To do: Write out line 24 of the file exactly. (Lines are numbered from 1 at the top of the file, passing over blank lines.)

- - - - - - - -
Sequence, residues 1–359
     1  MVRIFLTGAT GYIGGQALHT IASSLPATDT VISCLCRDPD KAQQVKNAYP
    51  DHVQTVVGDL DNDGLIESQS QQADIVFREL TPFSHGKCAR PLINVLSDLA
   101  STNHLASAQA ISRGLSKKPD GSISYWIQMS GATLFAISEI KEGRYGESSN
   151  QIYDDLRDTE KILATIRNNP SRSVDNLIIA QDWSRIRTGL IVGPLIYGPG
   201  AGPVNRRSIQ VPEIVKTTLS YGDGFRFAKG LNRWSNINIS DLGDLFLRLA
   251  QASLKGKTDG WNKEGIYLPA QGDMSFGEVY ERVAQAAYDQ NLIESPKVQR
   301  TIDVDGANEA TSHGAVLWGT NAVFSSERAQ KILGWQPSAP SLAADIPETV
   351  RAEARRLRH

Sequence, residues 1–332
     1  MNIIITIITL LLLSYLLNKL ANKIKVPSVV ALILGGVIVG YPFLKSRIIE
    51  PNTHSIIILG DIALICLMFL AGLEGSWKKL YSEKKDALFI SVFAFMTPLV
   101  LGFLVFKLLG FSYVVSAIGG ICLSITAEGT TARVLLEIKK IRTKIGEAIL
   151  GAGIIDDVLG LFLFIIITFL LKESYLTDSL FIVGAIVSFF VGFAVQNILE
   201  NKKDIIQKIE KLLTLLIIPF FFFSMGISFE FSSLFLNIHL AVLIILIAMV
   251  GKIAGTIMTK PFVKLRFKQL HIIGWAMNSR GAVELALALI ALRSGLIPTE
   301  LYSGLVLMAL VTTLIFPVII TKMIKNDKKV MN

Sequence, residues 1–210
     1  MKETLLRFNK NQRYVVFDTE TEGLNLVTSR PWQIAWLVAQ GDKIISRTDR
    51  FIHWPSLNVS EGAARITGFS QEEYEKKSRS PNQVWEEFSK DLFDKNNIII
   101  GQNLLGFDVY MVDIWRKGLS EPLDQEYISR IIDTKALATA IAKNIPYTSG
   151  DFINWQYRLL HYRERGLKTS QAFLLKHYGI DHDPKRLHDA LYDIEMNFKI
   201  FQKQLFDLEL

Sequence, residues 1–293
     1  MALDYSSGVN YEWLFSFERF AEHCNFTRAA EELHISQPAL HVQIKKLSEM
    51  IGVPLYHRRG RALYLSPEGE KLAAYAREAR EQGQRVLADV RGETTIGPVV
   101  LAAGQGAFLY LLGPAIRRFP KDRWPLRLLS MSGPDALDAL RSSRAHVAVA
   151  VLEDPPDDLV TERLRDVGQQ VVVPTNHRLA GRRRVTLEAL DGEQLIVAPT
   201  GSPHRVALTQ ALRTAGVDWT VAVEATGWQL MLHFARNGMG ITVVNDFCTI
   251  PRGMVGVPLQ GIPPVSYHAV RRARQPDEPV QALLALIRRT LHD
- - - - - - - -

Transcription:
Sequence, residues 1–293